British Schoolchildren to Give Joy Division Their Own Symphony

British Schoolchildren to Give Joy Division Their Own Symphony
There's no shortage of activity around the Joy Division camp these days. There's Peter Hook's An Evening of Unknown Pleasures roadshow, and then there are the Joy Division walking tours in Curtis's hometown. Now, because fans of the band aren't exactly getting any younger, there's a new Joy Division-inspired symphony. Or maybe the fans are getting younger: the symphony is for kids.

The Northern Chamber Orchestra will be composing the work with children from two schools in Curtis's UK hometown of Macclesfield, Cheshire. The symphony will get its inspiration from three Joy Division songs, reports the BBC, although it hasn't been announced which songs those are.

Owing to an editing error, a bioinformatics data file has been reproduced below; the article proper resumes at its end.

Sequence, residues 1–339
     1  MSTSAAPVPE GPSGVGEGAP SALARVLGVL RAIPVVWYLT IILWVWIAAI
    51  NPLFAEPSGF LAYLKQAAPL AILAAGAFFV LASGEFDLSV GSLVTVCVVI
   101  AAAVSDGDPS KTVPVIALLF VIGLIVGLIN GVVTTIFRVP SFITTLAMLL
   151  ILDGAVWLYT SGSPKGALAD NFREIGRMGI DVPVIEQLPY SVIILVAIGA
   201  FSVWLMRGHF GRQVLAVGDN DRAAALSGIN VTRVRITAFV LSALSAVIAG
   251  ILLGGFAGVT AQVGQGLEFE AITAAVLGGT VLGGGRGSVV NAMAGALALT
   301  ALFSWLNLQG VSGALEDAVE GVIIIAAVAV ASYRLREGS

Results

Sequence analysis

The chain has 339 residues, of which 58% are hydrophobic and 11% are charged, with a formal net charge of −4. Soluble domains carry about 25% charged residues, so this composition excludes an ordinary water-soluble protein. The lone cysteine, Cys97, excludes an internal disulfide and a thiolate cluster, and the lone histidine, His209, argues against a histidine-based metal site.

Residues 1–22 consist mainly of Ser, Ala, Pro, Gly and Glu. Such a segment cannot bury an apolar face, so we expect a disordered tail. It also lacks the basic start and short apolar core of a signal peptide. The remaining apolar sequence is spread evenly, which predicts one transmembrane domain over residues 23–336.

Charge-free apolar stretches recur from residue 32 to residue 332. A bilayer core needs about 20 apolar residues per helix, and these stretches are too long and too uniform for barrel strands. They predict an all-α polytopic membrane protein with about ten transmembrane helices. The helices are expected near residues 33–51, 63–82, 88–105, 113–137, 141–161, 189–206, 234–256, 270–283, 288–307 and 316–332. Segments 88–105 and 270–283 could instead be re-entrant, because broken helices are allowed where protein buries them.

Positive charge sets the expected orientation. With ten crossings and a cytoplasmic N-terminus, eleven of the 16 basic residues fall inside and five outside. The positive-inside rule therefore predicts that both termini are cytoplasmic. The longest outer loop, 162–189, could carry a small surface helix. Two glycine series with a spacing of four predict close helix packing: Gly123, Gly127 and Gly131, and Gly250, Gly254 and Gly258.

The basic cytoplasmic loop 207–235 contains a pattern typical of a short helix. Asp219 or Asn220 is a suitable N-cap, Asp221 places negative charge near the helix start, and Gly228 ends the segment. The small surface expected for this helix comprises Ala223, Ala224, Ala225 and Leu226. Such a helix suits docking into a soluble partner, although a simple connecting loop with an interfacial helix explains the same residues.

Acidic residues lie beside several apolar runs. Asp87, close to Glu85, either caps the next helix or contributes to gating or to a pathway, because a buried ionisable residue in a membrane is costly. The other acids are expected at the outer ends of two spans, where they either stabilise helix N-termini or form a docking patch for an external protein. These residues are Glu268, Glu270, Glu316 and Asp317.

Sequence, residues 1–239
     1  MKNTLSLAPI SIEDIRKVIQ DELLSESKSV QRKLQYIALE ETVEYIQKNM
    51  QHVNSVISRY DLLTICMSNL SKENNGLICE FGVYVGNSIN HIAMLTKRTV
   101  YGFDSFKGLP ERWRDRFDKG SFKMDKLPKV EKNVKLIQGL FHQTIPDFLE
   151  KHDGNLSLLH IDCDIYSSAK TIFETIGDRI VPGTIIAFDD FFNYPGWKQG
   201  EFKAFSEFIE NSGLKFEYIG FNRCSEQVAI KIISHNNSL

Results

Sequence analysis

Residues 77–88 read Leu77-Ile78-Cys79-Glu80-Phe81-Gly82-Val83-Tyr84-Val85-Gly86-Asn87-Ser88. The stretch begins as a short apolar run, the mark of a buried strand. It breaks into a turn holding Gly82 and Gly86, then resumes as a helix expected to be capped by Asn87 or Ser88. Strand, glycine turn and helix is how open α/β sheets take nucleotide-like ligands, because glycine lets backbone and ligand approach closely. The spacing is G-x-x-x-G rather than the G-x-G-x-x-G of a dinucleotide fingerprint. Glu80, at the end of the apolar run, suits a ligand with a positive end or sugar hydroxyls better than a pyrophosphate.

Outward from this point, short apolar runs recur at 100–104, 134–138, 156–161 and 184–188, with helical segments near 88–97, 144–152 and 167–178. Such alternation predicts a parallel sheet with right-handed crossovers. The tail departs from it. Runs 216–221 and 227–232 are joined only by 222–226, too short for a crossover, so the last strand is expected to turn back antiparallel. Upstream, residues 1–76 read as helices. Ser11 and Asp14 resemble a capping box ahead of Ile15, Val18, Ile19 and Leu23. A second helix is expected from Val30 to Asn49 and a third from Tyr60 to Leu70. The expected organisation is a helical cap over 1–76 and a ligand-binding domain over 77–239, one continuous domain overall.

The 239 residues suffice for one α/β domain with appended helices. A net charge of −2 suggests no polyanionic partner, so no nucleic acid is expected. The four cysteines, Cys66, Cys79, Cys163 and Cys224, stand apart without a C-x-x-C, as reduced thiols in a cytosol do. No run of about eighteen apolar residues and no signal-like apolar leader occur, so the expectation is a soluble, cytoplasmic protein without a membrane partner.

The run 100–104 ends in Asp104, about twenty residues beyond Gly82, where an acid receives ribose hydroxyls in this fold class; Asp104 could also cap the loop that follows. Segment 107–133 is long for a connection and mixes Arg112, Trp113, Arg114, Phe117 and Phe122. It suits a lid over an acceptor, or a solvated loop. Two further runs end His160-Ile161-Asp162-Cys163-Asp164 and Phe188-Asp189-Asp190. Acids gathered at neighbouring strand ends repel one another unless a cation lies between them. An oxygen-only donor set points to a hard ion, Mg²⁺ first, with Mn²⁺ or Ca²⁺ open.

"The style of music is quite sparse and very simple," Helen Quayle, education co-ordinator for the Northern Chamber Orchestra told the BBC about Joy Division's tunes. "The kids can understand and take elements of that and write for a string quartet using the same technique."

The symphony's performance is part of a Joy Division exhibition that will take place at the 1813 Sunday School Heritage Centre from July 29 until August 7. As previously reported, the exhibition, curated by punk historian Jon Savage, will include lots of band memorabilia for fans to drool over, including handwritten documents, letters and set lists, as well as posters and handbills.

One of the more interesting documents is a handwritten note from Curtis calling the band's second album, Closer a "disaster."

All these Joy Division-related events are marking the 30th anniversary of Curtis's suicide, which took place on 30 years ago today (May 18).